A3 Cabriolet's exterior is beautifully proportioned. While the front overhang has been shortened compared to the outgoing version, the rear overhang grows. This is down to the fact that the A3 Cabriolet is now based on the A3 Saloon's platform, making it more coupé convertible in appearance.
You'll be surprised at what you can squirrel away in the Cabriolet. The boot is no longer a small opening with very limited space behind it. There’s 320-litres available with the roof up and 280-litres when down. You can tip the rear two seats down to reveal up to 680-litres of load space.
Inside the cabin it is pure Audi. There is of course an additional button that lowers or raises all the windows with one touch. My favourite button has three intensity settings and is used to activate the optional neck heater built into each front seat. Similar to Mercedes SLK's 'Air Scarf' this clever bit of engineering blows warm air from the seat back up towards your neck. When combined with the optional heated seats this option makes the Cabriolet a true 'year round machine'.
Up front there is plenty of space and all the controls are easy to use and well positioned. In the back there is more legroom - but it is still not Adult friendly. The automated five-layer cloth roof mechanism can be raised or lowered in about 18 seconds, making it traffic light friendly. It also operates at speeds up to 50kmh. Audi says Cabriolet drivers want cloth roofs, not metal, as they want the world to know they are in a convertible. With the roof up it is a remarkably quiet experience. An optional acoustic lining is available too. A3 Cabriolet's doesn't have any visible roll over protection but should sensors in the car detect a potential roll over they deploy two metal posts that pop up behind the rear head restraints that act as roll hoops.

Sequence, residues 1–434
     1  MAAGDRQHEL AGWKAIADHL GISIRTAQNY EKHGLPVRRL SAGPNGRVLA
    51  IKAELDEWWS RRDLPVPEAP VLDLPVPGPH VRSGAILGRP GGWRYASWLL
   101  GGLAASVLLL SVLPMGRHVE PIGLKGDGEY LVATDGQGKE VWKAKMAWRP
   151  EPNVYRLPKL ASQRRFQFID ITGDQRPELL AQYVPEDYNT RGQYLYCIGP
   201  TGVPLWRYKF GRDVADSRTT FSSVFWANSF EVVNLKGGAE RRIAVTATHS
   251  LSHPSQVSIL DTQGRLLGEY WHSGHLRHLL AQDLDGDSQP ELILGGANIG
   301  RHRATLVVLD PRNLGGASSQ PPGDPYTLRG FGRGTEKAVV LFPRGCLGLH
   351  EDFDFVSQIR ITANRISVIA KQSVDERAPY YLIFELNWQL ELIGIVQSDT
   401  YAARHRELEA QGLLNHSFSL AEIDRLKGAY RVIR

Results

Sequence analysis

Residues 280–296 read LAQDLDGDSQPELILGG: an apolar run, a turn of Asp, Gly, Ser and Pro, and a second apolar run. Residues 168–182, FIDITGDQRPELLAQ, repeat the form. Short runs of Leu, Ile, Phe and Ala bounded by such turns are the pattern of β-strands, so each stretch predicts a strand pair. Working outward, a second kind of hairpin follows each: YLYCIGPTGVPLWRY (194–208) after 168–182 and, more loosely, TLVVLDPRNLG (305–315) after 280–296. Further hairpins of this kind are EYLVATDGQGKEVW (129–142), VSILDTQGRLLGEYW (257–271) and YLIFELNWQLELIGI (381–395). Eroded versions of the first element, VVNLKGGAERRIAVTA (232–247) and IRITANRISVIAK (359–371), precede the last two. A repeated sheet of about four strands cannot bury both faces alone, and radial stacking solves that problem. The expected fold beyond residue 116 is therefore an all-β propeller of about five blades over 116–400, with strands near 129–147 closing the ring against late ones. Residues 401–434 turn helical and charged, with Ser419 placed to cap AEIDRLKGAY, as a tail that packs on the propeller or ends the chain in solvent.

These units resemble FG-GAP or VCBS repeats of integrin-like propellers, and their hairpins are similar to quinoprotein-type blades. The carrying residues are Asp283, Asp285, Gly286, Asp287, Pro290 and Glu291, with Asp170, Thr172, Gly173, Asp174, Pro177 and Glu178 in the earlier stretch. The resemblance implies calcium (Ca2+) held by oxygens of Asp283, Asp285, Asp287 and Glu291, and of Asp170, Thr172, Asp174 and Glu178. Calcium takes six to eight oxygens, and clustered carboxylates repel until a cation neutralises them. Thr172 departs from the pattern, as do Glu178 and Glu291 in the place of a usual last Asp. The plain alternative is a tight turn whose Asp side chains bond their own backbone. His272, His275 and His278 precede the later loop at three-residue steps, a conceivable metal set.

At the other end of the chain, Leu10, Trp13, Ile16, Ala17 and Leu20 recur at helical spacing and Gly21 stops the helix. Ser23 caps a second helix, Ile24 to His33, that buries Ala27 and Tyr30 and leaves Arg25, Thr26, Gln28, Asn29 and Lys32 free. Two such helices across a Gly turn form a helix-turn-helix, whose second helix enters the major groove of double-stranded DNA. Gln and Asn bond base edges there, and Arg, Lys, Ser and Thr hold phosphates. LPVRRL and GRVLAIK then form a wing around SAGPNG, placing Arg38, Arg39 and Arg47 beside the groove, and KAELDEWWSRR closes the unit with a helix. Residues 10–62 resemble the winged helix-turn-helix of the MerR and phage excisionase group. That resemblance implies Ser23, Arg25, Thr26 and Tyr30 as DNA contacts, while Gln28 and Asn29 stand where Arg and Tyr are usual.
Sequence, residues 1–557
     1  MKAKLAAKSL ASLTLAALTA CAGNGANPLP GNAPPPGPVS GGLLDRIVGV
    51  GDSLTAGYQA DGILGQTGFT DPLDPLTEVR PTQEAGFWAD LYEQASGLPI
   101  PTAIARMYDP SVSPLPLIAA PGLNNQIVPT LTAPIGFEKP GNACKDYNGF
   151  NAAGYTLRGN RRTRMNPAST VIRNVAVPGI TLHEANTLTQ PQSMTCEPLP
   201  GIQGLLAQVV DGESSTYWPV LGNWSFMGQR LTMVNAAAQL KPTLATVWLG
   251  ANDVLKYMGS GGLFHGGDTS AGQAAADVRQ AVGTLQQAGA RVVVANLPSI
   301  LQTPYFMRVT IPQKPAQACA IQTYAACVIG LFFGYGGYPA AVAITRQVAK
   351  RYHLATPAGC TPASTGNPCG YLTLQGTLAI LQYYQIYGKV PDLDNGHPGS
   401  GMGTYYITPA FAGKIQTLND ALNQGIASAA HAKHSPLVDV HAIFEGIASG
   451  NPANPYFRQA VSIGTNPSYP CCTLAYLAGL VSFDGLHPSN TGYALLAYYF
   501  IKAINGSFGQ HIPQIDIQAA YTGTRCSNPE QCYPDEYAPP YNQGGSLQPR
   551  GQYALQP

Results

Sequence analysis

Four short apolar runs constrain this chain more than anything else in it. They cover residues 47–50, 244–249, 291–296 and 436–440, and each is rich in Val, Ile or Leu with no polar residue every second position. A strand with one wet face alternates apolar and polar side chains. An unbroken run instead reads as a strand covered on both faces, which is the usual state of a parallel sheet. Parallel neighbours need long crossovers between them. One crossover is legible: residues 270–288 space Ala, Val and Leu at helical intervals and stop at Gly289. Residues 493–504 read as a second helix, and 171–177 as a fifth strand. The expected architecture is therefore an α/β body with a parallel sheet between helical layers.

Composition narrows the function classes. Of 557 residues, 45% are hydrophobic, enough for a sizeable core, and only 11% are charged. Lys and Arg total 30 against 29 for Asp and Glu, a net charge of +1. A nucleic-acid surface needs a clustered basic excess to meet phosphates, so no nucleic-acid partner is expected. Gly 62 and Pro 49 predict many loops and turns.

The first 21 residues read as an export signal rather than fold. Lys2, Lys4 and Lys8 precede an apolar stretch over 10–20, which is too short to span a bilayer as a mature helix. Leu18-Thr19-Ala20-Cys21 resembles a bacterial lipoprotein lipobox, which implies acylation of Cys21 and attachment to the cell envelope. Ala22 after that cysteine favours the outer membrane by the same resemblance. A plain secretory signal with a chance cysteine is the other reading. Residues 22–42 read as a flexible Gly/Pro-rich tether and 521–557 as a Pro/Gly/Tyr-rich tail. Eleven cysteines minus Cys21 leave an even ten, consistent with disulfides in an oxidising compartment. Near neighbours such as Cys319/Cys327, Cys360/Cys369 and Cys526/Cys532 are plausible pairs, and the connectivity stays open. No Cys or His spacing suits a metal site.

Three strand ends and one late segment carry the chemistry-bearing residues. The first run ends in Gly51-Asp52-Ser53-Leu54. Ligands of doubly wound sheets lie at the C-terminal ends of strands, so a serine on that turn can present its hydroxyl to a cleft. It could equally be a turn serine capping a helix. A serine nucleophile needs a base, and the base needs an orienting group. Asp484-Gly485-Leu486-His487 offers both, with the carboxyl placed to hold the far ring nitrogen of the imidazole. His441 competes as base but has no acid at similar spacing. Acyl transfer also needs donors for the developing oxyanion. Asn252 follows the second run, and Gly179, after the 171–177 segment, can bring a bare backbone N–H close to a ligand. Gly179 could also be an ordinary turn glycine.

The range initially will feature the lively 1.4 TFSi COD and 1.8 TFSi petrol units and the new 150hp 2.0 litre TDI. Further engines will follow including what we believe will be the best seller the 125hp 1.4 petrol unit. The majority of sales will be front-wheel drive cars but all-wheel-drive Quattro will be available.
We took the 125hp version for an extended drive in the hills above Monte Carlo and were impressed by the car's level of refinement. The engine coped with hairpin climbs without complaint and while 200nm of torque won't set the world on fire the 1.4-litre was perfectly fine, especially as the roof was down and the scenery glorious. A3 Cabriolet was precise and there was virtually no ‘scuttle shake’. Next we took the 2-litre TDI with optional DSG auto gearbox for a spin around the streets of the principality and beyond. 340nm of torque clearly made the driving experience more relaxed but overall unless you do high annual mileage there really is no need to look beyond the cheapest petrol version.
A3 Cabriolet is a very handsome machine that drives well and has excellent proportions. The entry-level petrol engine suits the car well and allows any extra funds to be used on extras like the neck and seat heater and maybe larger alloys or even the stunning matt grey paint.
Audi is still finalising prices but we expect the range to start at just under €36K. Audi Ireland expects to sell between 35 to 50 units in 2014.